Section 1: Epidemiology and aetiology
Osteoarthritis, the most common form of arthritis, is a clinical syndrome of synovial joints involving joint pain, functional limitation and impaired quality of life. It is associated with typical radiological joint changes.
Any synovial joint can be affected, but it most frequently occurs in the small joints of the hands, the knees, hips, spine and feet.
It is characterised by structural pathological changes to the joint, including loss of articular hyaline cartilage, synovial inflammation, repair of adjacent bone with new bone formation in the form of osteophytes, subchondral bone sclerosis, cyst formation, damage to menisci, muscle weakness, and ligamentous laxity and joint deformity.
It usually develops gradually and structural changes in the joint commonly occur without accompanying symptoms in the early stage.
Genetic factors Nodal osteoarthritis, a common form, runs in families. This particularly affects the small joints of the hands of middle-aged women. The overall familial estimates in nodal osteoarthritis for hand, knee and hip osteoarthritis are 40-60%.
Age Osteoarthritis mostly develops in people aged over 50. Although it is uncommon before then, it can develop in younger people.
Gender Osteoarthritis is more common and often more severe in postmenopausal women, especially in the knees and hands.
Obesity This is a well-documented risk factor. Increased weight causes high stresses at the joint surface.
Joint injury Major injuries, particularly intra-articular fracture, anterior cruciate ligament and meniscal injuries, are factors for developing osteoarthritis.
Joint laxity/instability due to deficient cruciate ligaments can lead to excessive uncontrolled gliding/sliding movements, which in turn lead to increased interfacial wear.
Infection Acute or tuberculous infection can lead to destruction of the joint and osteoarthritis.
Primary osteoarthritis is polyarticular arthritis of unknown aetiology that may involve several joints.
Secondary osteoarthritis is usually monoarticular and results from incongruity of a joint due to certain conditions, such as injury or infection.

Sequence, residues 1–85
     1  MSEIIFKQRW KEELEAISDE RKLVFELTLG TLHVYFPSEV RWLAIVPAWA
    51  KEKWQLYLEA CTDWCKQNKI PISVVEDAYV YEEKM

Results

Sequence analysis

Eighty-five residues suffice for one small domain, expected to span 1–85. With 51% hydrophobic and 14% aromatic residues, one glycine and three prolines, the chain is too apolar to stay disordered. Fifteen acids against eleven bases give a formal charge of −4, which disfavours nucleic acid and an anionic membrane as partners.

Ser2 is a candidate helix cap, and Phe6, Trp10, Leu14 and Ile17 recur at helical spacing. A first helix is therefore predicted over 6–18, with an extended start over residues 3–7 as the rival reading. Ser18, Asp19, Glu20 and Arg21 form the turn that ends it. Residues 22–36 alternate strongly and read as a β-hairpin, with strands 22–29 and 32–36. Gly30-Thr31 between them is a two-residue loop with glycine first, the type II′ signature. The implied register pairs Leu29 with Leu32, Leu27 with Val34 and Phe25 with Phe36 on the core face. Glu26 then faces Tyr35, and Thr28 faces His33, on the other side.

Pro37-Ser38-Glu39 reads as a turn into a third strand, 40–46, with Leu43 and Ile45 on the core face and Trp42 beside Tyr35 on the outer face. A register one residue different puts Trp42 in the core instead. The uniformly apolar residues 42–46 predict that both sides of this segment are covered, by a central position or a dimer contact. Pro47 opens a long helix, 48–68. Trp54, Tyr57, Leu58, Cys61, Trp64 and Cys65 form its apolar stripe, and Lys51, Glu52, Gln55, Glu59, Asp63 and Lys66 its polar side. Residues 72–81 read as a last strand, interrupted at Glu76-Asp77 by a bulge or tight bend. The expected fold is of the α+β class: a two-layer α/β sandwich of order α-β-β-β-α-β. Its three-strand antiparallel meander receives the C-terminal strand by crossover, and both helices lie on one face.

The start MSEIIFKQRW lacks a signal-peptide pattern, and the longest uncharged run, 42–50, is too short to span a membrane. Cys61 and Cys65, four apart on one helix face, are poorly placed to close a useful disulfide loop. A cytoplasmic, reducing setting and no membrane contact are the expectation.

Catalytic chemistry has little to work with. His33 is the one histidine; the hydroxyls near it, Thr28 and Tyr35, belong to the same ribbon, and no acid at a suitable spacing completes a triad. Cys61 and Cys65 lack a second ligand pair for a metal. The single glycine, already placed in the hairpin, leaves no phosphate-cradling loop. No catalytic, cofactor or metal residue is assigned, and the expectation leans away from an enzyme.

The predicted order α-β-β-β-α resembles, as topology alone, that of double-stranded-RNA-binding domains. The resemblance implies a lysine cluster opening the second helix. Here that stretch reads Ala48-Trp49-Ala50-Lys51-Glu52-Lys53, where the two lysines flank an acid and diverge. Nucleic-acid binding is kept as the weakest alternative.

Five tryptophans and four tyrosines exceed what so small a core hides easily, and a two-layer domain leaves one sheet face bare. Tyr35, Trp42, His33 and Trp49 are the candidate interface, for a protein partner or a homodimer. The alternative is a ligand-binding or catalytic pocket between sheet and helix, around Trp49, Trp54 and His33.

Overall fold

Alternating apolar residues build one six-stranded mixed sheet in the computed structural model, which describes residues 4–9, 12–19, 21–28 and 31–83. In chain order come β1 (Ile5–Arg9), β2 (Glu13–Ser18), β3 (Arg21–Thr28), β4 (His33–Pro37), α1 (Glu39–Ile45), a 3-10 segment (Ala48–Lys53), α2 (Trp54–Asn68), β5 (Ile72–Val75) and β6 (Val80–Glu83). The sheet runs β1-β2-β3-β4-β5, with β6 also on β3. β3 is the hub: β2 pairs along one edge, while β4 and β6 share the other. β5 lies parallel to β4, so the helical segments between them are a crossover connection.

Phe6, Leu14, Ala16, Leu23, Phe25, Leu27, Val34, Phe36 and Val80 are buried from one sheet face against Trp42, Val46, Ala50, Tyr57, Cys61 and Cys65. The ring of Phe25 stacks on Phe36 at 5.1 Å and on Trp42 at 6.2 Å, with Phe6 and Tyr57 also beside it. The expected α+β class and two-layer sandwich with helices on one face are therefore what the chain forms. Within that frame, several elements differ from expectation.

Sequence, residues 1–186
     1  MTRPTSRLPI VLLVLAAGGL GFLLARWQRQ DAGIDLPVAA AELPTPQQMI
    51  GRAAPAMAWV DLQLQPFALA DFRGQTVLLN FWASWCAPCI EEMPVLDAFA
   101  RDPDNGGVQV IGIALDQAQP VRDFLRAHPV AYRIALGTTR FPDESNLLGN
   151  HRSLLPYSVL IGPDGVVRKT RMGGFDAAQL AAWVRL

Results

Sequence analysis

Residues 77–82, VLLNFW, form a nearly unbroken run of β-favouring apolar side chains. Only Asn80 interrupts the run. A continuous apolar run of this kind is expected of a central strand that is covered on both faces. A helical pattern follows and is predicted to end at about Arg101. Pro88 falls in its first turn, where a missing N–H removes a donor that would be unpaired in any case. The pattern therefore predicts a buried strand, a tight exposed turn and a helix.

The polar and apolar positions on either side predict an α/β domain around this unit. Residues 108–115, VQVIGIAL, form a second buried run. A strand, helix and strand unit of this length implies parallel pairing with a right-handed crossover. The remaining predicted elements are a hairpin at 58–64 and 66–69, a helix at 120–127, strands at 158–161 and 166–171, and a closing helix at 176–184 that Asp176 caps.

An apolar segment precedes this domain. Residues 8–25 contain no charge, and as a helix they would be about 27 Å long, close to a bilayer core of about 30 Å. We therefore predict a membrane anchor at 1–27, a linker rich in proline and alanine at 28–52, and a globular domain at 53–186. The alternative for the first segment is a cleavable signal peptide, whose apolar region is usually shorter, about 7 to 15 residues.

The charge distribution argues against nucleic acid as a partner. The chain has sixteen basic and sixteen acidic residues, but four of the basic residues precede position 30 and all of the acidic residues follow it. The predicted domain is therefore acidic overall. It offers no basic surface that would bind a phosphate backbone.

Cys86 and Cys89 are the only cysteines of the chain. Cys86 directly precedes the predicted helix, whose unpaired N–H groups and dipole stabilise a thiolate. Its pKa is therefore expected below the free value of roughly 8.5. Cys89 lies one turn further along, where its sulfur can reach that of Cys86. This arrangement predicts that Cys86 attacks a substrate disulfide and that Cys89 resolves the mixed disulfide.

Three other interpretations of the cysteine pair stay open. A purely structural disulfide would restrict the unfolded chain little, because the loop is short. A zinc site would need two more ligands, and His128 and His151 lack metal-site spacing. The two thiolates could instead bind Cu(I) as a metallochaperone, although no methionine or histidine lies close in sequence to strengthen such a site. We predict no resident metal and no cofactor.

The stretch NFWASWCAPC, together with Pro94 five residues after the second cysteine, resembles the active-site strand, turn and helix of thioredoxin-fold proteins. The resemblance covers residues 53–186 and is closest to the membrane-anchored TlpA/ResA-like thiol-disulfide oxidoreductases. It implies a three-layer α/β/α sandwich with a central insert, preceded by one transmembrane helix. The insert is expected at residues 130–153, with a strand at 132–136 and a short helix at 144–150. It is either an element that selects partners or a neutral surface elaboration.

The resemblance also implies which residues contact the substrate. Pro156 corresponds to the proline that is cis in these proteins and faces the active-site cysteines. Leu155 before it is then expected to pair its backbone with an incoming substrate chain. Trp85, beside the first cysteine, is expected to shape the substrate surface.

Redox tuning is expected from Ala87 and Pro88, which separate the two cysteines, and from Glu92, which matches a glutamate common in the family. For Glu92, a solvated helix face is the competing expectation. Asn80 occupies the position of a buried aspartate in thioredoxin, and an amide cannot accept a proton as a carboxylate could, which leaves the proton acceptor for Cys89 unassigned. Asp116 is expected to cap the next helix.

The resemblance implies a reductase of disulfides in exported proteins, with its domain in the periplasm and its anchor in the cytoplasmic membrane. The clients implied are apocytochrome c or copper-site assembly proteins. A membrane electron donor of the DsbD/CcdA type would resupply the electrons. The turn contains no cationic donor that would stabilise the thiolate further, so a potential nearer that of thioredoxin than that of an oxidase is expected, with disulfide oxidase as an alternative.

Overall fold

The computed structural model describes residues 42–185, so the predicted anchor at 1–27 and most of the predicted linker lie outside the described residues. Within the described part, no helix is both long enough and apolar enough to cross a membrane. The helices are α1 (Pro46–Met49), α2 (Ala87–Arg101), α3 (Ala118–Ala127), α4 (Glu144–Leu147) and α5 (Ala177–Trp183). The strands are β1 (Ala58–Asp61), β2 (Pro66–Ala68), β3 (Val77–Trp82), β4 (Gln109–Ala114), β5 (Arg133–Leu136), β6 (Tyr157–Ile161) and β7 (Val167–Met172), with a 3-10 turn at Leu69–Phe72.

Osteoarthritis of different joints, such as hips, knees and hands, does show a consistent age-related increase in prevalence.
The number of patients with symptomatic osteoarthritis in the UK is increasing due to the ageing population and risk factors such as obesity and lack of physical activity.
Section 2: Making the diagnosis
Osteoarthritis is diagnosed on the basis of history, clinical examination and special investigations.
Typical symptoms are activity-related pain, often at the end of the day, mostly relieved by rest, and associated with morning stiffness and impaired function.
Persistent rest and night pain are features of advanced osteoarthritis in some joints, including the knee and the hip.
The symptoms of osteoarthritis are variable and episodic in severity.
The European League Against Rheumatism (EULAR) suggests six criteria for certain diagnosis of osteoarthritis of the knee (see box).1
X-ray and physical examination give a sensitivity and specificity of 91% and 86%, respectively.2
Plain X-rays are the most useful test to confirm osteoarthritis and exclude other conditions. Radiographic features (loss of joint space, subchondral sclerosis, subchondral cysts, osteophytes and joint deformity) vary depending on the severity of the disease. However, radiological evidence does not correlate well with a patient's symptoms.
MRI is unmatched for non-invasive evaluation of articular cartilage.3 However, it should not be performed unless other diagnoses are suspected, including osteochondritis dissecans, meniscal injuries, pigmented villonodular synovitis, idiopathic bone oedema or avascular necrosis.4
Injudicious use of MRI can result in increased findings of asymptomatic meniscal tears (often present in older people) and lead to undesirable arthroscopic knee intervention.